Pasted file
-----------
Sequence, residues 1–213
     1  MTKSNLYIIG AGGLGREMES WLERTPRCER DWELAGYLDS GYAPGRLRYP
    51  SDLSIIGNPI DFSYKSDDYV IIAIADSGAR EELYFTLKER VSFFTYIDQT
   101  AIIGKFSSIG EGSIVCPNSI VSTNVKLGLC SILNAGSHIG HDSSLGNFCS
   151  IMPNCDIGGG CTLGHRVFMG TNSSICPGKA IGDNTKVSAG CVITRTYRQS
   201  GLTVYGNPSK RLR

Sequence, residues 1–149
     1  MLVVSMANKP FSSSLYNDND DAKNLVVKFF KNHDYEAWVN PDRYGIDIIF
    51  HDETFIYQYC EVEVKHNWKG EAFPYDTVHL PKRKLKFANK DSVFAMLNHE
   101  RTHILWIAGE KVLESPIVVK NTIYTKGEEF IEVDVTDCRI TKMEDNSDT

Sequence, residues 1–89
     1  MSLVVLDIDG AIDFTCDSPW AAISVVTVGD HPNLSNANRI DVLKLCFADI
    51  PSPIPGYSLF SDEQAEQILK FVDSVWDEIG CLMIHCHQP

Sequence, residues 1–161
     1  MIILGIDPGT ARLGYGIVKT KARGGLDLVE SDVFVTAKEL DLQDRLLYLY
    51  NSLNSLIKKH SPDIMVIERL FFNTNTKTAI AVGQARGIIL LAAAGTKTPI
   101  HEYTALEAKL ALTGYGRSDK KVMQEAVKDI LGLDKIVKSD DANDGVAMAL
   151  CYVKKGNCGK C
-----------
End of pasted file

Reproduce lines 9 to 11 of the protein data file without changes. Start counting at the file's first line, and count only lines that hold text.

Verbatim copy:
    51  HDETFIYQYC EVEVKHNWKG EAFPYDTVHL PKRKLKFANK DSVFAMLNHE
   101  RTHILWIAGE KVLESPIVVK NTIYTKGEEF IEVDVTDCRI TKMEDNSDT

Sequence, residues 1–89